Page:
Genuine Care

A former colleague Amy freely admits to being naïve regarding people’s intentions. One afternoon, Amy phoned to request a favor. She needed to replace her car with a newer, more dependable, and economical model. Amy excitedly mentioned that the woman at the dealership wanted to be her friend–the salesperson had “discovered” the perfect car for Amy’s needs because “friends really care”.

I then accompanied Amy in her old car to the dealership. We were enthusiastically greeted by Amy’s new “friend” the salesperson. Almost immediately, we were shown the car in question–a Chevy Aveo. It was the right size and color for Amy. I was suspicious because I knew that Avios had been recalled a few times to correct some mechanical faults. Also, the model had been criticized in the automotive press a few years prior. Despite my concerns, Amy still wanted to take the car for a test drive.

During the road test, I requested to have the radio switched off because I wanted to listen for body integrity faults, suspension trouble, and engine noise. The salesperson reluctantly turned the radio off. She shouldn’t have worried, the car sounded OK. Amy drove the Aveo back to the dealership and decided to purchase the little car. I accompanied Amy to the sales manager’s office for the closing. The price quote was $4,000 higher than the Kelly Blue Book valuation for the same car in perfect condition.

Amy was unwilling to pay such an exhorbitant price; and I was beside myself with disgust. We eventually managed to haggle the final price to one that was below the Blue Book value of the car. I then accompanied Amy to her bank for a car loan–which went off without a hitch. Amy surrendered her old car then took possession of the Aveo. Although I was less than satisfied with Amy’s car choice, she was over the Moon with joy. Amy left convinced that the salesperson was a good friend because the car met Amy’s requirements.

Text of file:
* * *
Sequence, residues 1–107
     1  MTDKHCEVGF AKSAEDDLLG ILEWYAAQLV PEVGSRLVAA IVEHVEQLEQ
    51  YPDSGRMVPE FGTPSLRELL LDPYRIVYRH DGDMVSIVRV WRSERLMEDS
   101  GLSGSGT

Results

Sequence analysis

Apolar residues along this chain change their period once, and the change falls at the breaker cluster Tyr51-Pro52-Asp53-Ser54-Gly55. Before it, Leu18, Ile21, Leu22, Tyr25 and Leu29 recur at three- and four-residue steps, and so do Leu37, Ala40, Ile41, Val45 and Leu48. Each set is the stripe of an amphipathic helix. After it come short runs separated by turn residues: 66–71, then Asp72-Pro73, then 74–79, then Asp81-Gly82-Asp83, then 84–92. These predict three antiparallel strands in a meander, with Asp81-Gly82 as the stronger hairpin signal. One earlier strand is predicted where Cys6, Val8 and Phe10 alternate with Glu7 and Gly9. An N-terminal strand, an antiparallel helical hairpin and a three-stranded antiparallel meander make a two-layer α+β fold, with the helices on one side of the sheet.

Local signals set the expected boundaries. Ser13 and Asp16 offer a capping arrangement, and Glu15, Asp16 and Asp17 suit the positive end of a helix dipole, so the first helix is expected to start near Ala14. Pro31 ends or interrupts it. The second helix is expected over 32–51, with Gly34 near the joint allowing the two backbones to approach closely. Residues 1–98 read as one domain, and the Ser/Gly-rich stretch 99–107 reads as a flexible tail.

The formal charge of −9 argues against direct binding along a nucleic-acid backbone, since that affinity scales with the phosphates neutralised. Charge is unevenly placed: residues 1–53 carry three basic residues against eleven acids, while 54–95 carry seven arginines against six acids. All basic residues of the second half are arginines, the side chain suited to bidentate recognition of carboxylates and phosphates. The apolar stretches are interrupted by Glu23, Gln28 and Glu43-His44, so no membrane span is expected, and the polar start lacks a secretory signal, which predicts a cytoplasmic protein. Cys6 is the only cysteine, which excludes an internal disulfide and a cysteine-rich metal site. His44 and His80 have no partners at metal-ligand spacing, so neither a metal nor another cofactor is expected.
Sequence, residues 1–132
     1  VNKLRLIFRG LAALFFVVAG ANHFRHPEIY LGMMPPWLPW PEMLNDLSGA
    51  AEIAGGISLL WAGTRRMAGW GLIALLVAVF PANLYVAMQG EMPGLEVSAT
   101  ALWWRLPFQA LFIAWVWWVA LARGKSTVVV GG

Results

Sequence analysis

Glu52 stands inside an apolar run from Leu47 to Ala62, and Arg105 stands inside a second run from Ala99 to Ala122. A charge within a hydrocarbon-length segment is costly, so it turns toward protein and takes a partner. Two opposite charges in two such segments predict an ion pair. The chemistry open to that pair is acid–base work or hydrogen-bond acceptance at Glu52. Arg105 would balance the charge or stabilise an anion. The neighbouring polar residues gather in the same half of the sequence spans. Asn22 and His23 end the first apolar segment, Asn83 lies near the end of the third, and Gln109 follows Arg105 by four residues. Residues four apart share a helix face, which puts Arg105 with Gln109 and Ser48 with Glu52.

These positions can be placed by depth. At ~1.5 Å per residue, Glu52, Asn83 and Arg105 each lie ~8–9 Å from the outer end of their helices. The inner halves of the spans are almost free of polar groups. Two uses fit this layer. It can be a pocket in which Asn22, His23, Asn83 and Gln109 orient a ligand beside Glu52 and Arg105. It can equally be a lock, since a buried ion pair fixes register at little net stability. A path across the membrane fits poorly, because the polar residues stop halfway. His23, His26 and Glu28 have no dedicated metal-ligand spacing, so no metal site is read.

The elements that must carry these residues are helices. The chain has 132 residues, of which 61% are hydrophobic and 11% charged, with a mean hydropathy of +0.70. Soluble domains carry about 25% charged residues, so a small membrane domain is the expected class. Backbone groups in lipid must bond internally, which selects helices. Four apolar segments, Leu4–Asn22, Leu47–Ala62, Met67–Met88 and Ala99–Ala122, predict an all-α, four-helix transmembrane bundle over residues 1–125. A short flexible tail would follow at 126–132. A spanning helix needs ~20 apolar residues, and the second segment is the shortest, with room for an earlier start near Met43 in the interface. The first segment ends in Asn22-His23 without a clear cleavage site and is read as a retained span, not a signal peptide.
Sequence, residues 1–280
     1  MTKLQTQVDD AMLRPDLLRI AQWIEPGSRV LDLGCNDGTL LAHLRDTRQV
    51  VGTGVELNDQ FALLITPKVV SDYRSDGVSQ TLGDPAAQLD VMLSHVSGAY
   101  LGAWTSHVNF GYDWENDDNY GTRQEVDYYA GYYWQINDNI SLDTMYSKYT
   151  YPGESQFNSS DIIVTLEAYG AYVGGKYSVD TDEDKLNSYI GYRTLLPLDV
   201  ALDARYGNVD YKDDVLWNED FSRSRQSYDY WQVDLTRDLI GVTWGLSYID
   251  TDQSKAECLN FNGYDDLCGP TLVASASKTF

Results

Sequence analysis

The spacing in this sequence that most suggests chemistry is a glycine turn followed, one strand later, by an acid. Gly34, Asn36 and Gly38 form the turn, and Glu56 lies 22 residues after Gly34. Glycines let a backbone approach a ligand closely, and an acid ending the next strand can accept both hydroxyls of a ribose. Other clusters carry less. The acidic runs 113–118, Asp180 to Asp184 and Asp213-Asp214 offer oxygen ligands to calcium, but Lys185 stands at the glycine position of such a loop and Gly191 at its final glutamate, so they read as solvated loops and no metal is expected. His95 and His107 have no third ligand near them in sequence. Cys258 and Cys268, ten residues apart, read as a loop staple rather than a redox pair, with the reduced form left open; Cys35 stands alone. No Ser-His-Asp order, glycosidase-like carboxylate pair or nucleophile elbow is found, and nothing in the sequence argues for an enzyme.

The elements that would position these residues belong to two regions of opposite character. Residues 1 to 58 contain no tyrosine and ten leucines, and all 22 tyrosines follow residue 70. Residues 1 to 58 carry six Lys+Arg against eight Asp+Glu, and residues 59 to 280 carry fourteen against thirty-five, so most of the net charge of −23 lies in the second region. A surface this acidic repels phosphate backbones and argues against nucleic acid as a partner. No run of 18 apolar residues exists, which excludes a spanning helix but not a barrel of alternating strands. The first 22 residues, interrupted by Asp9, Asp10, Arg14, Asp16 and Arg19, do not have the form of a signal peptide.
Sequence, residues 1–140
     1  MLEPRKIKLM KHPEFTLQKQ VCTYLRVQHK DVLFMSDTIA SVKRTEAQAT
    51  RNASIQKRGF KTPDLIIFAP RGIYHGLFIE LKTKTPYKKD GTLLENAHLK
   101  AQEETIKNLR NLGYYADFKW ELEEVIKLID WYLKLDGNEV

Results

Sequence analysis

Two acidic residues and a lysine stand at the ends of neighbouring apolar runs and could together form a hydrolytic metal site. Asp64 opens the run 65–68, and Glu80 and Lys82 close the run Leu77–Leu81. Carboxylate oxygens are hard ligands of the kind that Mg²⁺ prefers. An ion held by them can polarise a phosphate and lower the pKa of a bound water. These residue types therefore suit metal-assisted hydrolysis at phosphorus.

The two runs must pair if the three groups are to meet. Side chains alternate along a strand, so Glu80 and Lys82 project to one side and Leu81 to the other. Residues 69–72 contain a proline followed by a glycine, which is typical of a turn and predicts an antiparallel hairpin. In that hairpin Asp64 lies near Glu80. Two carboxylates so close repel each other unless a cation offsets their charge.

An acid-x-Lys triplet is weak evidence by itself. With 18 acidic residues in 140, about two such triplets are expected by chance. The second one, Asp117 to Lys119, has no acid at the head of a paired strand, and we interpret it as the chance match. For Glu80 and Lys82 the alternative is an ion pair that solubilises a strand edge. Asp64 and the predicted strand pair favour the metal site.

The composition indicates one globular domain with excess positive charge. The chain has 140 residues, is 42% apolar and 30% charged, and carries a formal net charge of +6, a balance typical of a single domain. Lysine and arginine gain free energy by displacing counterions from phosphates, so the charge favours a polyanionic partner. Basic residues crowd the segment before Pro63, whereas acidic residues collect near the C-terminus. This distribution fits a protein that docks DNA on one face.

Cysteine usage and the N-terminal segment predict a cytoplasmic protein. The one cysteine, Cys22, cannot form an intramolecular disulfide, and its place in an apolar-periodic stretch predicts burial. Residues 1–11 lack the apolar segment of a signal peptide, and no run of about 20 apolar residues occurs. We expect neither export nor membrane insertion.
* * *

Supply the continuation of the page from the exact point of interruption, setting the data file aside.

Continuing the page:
Eventually, following Amy’s many failed attempts to socialize with the salesperson, Amy realized that the so-called friendship was merely a sales tactic used to expedite the successful sale. The realization disappointed Amy, but she eventually chaulked it up to experience. Amy is now somewhat more discerning regarding potential friendships.

The takeaway for Amy, is the reminder to carefully choose people who not only make us happy, and make us laugh, but to help us when we are in need. Such people genuinely care about us. These are the folks worth keeping in our lives. Our other acquaintances are simply passing through. Yes, this is basic life wisdom, but it’s easy to forget it when our emotions flood over our logic. Keeping a level head allows us to remain centered and discerning about the nature of our friendships. It’s good to know which of our friends genuinely care versus fair-weather friends.

When all is said and done, caring is a life skill that can be learned and practiced by everyone. It can be worked into our life plans to meet individual and pervasive social necessities. When caring is genuine, it reveals no small amount of courage.


The Blue Jay of Happiness quotes singer-songwriter, Brigitte Nicole. “Some people’s weakness is that they care too much; it is also their strength.”

About swabby429

An eclectic guy who likes to observe the world around him and comment about those observations.
This entry was posted in Contemplation, Friendship, Hometown and tagged , , . Bookmark the permalink.

1 Response to Genuine Care

  1. Pingback: ReBlogging ‘Genuine Care’ – Link Below | Relationship Insights by Yernasia Quorelios

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